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Friday, October 27, 2006

Fasting Origins and Belief

Ramadan is the name of the ninth and holiest month of the Islamic lunar calendar, which sees much of the world's Muslim population fasting during daylight hours. The fast, also known commonly known as Ramadan, is the main religious observance associated with the month, however prayers, charity, and self-accountability are especially stressed during the whole month, too.

During Ramadan, purity of both thought and action is important, so Muslims are expected to put more effort into refraining from such negative emotions as anger, envy and greed. They are encouraged to read the Koran, the central religious text of Islam.

Emphasising the spirit of the month, there is the belief that during Ramadan the gates of Heaven open and the gates of Hell close. It is a time of spiritual contemplation and tolerance, an attempt to get closer to God and unify with humanity, and to help those in need. The observant try to focus on more spiritual things during the month, and many who consider themselves rather lax Muslims try to be a little better. Those that do not fast, and have the means to do so, give to charity and feed the needy.

People also tend to treat it as a period of rejuventation for the year ahead or "a detox for the soul". The last ten days of that month is mainly spent reading scriptures, because it is believed that all sins of the past year can be forgiven throughout this period.

Similarities with other Abrahamic religions

Some scholars believe the idea of fasting in Islam arose from the Judaeo-Christian influences prevalent in Arabia during the seventh century of the Christian era, a time the Prophet Muhammad lived. There was a tendency to lead an ascetic life and this had an important influence on Islam's calling on believers to fast.

Ramadan has parallels in the Jewish celebration of Yom Kippur and the Christian practice of Lent in that they are also a period of atonement and forgiveness. But unlike earlier practices, which called for abstinence from sex, food and drink from sunset to sunset, Islam lightens the burden so that the fast is only observed from sunrise to sunset. People who are ill or traveling, children and pregnant women are excluded from the fast.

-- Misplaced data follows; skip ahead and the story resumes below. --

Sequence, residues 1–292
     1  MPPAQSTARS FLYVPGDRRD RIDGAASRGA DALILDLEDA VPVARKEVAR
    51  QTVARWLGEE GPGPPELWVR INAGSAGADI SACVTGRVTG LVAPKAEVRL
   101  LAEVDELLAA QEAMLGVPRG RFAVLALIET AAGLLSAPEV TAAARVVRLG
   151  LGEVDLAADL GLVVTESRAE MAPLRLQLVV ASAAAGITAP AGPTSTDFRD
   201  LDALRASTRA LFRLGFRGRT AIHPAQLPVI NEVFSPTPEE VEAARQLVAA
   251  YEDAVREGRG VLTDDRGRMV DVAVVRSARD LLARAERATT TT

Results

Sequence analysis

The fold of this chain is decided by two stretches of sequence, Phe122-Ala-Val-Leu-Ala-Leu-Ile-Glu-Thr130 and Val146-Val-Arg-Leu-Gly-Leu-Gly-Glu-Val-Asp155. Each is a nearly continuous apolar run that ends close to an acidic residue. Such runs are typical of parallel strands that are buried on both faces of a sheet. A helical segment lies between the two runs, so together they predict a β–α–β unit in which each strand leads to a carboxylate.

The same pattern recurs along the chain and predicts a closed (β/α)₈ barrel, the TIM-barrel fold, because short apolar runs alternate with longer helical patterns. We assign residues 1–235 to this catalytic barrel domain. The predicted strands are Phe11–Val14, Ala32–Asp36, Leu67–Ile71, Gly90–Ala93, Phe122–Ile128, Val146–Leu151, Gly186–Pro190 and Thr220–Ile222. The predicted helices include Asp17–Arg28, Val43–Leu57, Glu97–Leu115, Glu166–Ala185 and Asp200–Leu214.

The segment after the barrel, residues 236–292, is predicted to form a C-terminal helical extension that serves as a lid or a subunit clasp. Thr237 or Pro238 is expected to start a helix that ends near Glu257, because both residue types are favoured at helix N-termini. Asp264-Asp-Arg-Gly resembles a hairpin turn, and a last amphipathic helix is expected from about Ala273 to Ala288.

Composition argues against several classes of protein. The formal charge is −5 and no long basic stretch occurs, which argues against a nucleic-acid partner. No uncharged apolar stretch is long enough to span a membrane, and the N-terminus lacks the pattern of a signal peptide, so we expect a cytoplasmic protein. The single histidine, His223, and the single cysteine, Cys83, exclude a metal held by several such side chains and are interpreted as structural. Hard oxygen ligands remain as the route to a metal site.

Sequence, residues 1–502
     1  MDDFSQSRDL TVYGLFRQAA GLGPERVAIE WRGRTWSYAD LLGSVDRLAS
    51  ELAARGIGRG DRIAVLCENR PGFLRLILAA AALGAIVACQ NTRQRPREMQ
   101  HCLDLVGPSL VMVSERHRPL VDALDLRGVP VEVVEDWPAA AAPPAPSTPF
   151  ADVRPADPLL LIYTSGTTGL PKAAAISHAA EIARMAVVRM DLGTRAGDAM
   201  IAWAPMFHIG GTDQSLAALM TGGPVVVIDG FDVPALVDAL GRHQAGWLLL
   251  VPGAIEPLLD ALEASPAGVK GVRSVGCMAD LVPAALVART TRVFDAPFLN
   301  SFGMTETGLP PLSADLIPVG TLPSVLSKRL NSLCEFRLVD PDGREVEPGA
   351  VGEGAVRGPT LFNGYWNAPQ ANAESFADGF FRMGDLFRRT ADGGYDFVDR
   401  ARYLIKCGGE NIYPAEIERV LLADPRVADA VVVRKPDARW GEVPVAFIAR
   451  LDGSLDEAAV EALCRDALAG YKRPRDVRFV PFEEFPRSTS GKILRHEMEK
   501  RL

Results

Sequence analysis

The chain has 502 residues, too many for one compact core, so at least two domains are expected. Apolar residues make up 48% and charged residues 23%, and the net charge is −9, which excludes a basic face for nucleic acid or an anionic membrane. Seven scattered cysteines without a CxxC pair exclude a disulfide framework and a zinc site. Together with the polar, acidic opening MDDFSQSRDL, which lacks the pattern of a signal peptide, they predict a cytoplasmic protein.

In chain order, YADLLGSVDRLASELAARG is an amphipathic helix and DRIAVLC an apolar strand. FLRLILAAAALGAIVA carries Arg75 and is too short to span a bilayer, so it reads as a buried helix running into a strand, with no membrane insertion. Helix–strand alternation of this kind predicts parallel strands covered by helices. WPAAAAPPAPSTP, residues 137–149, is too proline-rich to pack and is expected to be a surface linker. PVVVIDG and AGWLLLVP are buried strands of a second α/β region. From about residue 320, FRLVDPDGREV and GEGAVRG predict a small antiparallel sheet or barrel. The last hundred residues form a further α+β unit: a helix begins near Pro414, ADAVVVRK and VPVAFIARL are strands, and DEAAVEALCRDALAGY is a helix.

Fasting at Ramadan

You cannot impose something from the outside and hope it will affect you inside - it has to work from the inside out.
Ali Yildirim

The act of fasting is said to redirect the heart away from worldly activities, its purpose being to cleanse the inner soul and free it from harm. Properly observing the fast is supposed to induce a comfortable feeling of peace and calm. It also allows Muslims to practice self-discipline, sacrifice, as well as sympathy for those who are less fortunate, intending to make Muslims more generous and charitable.

It is believed that Islam is a religion of choice, not race or creed, and this underpins all religious observances. Consequently, fasting should not be forced, otherwise it has not religious signifance or spiritual benefit. The second Sura of the Koran, verse 257 says: "There must be no coercion in matters of faith". Fasting should be undertaken by those can endure, enjoy or truly want to do it. It should not be carried out with irritability, but with a joy of spirit that encompasses the month itself.

Likewise a person cannot be forced or pressurised into fasting. No one has the right to pronounce they are "a better Muslim" than those that don't fast, or may boast they have done unnecessary extra hours. Indeed, the belief is that in such cases the fasting is rendered null and void in religious terms.

Due to the special relationship between Turks and Islam, and the history between the two, not all Turks are strict Muslims that enforce all the religious observances of the religion. More than twice in their history, Turks have tried to bring about a "reformation" of Islamic religious practices, most notably with the concept of humanism and sufism during the Seljuk dynastic period in the Middle Ages and the late 1920s modernisation drive after the fall of the Ottoman Empire, with the creation of a Turkish secular republic.

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